Me too.


message 16: by Tristram (new)

Tristram Shandy | 4341 comments Mod
My personal favourites among the Miss Havishams presented here are those by McLenan and by Green. Although Green's Miss Havisham has a rather languid attitude, she is also quite emaciated and seems somewhat hard-hearted. I also like the sinister look of Brock's Miss Havisham, how she encourages Estella to turn up her nose at Pip. Harry Furniss's Havisham looks a bit too spidery to me, more like taken out of a story by Lovecraft.

I also like the illustration by Fraser: True, I would have imagined Estella more refined (wearing more costly clothes, for instance), but the look on Pip's face in that illustration is just heart-rending. It's full of pain and longing, and the posture of his body expresses helplessness to me.

All in all, it's interesting to see how differently we all react to these pictures. So thanks a lot for posting them here, Kim!


message 17: by Everyman (new)

Everyman | 829 comments Mod
Does anybody think they have any sense of Miss Havisham as an actual living and breathing person? Or only as a caricature?


message 18: by Peter (new)

Peter | 2916 comments Mod
Absolutely, real, living and breathing. I imagine we all have known a person who lived in our neighbourhood and frightened us.

Is not the profile elderly, withered, and has lived alone in the same house for decades. The house was, of course, aging right along with its owner. When I was growing up it was Miss Piper. You would only see the front curtains move occasionally, and I had no idea what she ever really looked like. We lived on that street near her for over a decade.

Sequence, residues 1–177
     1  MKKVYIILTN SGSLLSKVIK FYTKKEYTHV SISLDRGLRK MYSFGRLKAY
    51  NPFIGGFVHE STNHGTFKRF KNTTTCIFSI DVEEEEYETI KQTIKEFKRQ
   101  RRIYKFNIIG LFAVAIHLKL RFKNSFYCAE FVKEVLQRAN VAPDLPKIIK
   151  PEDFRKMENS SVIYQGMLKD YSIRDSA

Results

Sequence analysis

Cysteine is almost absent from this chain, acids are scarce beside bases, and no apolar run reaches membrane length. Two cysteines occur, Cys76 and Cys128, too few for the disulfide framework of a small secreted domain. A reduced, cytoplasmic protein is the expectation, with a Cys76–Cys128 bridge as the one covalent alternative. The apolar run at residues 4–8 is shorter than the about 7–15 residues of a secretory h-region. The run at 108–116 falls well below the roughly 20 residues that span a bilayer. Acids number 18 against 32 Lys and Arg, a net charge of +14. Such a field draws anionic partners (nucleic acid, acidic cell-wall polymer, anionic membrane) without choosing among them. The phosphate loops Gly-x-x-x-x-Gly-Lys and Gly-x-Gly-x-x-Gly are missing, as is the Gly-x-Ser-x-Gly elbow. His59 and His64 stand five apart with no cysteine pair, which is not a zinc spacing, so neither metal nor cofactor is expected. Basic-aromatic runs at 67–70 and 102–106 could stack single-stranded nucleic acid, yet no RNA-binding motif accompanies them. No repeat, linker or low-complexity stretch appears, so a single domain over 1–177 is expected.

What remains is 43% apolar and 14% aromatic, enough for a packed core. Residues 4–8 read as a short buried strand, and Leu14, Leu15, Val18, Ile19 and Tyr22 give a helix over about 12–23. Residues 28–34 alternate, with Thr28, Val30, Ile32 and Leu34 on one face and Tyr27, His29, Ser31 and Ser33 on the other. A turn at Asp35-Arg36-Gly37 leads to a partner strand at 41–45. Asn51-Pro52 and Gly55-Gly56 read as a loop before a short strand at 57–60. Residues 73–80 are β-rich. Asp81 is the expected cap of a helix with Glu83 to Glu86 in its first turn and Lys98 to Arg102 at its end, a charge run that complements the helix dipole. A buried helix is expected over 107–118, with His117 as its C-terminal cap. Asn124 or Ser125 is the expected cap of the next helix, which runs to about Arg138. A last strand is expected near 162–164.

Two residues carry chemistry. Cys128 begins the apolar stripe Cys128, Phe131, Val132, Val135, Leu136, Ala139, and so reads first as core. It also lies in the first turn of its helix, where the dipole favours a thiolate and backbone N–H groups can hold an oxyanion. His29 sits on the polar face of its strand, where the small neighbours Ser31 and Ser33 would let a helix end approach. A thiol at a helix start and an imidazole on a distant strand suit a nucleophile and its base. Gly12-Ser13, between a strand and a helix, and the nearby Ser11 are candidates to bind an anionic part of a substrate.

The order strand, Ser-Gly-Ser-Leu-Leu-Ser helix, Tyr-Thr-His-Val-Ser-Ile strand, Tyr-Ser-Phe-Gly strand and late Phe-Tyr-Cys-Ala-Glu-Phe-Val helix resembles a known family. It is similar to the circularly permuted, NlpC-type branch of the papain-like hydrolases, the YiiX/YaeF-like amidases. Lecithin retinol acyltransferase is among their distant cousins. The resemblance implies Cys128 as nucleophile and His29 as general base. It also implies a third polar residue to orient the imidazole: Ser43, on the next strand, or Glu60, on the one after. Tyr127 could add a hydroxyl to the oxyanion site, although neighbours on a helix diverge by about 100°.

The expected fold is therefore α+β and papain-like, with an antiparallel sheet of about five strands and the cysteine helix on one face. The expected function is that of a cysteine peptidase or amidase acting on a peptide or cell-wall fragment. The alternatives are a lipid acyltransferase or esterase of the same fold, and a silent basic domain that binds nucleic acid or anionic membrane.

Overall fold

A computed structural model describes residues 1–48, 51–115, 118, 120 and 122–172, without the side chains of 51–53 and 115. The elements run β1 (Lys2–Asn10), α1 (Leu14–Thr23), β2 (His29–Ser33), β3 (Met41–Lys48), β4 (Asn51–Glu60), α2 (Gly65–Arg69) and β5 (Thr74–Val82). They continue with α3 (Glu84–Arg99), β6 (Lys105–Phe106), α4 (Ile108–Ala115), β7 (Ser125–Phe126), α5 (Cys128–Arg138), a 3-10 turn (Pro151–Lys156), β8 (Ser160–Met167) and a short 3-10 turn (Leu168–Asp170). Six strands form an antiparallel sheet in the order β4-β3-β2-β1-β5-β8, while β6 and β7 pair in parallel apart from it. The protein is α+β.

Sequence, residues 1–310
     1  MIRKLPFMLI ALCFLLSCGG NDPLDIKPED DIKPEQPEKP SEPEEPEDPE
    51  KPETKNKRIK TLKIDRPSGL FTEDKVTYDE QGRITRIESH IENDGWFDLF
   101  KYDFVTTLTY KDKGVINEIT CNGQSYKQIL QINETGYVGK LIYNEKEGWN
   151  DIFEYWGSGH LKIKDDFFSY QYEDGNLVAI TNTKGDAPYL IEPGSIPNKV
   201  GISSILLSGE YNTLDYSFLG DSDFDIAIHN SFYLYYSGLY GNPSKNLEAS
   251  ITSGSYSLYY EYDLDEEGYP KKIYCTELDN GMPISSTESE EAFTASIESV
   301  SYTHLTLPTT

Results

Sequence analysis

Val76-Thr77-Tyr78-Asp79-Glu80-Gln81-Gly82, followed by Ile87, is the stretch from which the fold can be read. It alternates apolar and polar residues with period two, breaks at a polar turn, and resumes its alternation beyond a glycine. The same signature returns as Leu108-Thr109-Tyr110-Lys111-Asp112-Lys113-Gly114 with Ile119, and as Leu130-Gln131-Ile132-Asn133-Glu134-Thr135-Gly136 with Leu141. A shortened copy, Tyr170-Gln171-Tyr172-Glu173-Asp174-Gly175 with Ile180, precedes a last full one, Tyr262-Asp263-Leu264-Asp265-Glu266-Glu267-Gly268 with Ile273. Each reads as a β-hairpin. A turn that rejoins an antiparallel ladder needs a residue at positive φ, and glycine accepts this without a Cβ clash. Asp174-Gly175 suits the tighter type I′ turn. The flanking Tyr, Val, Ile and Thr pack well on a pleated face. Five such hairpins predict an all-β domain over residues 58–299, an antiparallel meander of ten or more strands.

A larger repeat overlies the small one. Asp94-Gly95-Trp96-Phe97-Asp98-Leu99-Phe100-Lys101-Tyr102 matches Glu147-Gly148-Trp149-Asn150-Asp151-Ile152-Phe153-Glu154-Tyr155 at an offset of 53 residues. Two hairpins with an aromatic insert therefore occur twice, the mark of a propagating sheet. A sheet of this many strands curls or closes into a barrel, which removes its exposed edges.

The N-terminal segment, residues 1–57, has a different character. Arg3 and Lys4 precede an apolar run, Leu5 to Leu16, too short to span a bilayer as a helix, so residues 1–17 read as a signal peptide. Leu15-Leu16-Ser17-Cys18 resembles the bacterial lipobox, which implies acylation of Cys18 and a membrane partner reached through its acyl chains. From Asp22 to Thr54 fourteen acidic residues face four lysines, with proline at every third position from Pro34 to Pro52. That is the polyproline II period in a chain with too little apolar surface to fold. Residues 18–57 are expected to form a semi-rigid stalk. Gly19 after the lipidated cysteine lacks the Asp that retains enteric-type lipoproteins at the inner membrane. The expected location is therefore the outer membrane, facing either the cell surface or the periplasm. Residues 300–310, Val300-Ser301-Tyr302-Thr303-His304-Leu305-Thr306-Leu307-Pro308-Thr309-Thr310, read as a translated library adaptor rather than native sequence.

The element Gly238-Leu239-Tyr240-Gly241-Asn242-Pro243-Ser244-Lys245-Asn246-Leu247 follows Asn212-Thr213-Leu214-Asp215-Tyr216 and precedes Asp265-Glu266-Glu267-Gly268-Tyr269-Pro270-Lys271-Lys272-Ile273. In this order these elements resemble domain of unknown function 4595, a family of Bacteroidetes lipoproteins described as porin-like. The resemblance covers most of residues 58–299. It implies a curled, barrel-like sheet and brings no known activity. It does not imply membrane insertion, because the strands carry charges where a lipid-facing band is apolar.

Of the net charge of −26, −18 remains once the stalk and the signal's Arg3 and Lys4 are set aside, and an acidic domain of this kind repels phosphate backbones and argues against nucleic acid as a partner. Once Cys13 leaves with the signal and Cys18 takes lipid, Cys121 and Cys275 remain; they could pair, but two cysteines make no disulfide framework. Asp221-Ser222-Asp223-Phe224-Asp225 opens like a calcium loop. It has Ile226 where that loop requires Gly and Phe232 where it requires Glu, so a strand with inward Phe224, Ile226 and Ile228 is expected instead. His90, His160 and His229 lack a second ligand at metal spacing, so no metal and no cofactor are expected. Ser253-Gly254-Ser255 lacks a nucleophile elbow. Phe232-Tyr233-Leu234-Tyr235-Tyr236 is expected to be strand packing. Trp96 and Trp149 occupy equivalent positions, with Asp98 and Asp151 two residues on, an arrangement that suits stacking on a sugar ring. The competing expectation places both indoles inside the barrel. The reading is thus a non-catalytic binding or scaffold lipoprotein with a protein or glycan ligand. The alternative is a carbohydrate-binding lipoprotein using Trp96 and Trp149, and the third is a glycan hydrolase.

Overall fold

message 19: by Tristram (new)

Tristram Shandy | 4341 comments Mod
We also had an old lady in our street that gave me the creeps when I was a young child. She had long white hair which she never combed and after her son had died of cancer she would always shout blasphemies and threats to God in the street. She also hated my grandmother - and I cannot imagine why - and whenever she saw her she tapped her finger at her forehead, which is, in Germany, a sign that you consider the person opposite you nuts. When I think of that old lady, I can actually imagine that a woman like Miss Havisham might have existed. Since Miss Havisham was obviously a wealthy woman, she was also able to have her own way with people and to boss them around, and so I don't see her as a caricature in the sense I would see Mrs. Gamp as a caricature.


message 20: by Kim (new)

Kim | 5523 comments Mod
Tristram wrote: "We also had an old lady in our street that gave me the creeps when I was a young child. She had long white hair which she never combed and after her son had died of cancer she would always shout bl..."

Your old lady just beat any of the old people in our town that I can remember from my childhood.


message 21: by [deleted user] (new)

I think the picture in post 4 looks the most like Miss Havisham in my head. A scary looking old witch. I don't like her.

Estella really makes me angry, as Pip hasn't had many people who were accepting of him . Then to have this spoiled girl treating him badly makes him feel so horrible about himself.

It seems to me as though the old lady enjoyed watching the girl treat him badly. Too early to tell, but if she was a jilted bride? , then maybe she finds some sick thrill watching a girl treat a boy badly?

Just a guess.


Xan Shadowflutter (shadowflutter) | 867 comments Julie wrote: "Estella really makes me angry, as Pip hasn't had many people who were accepting of him . Then to have this spoiled girl treating him badly makes him feel so horrible about himself...."

Estella is insufferable, but she may also lead a lonely life, as does her guardian, who has raised Estella to break little boys' hearts. Her life may not be so great either. So I'm withholding judgment on Estella until I read more.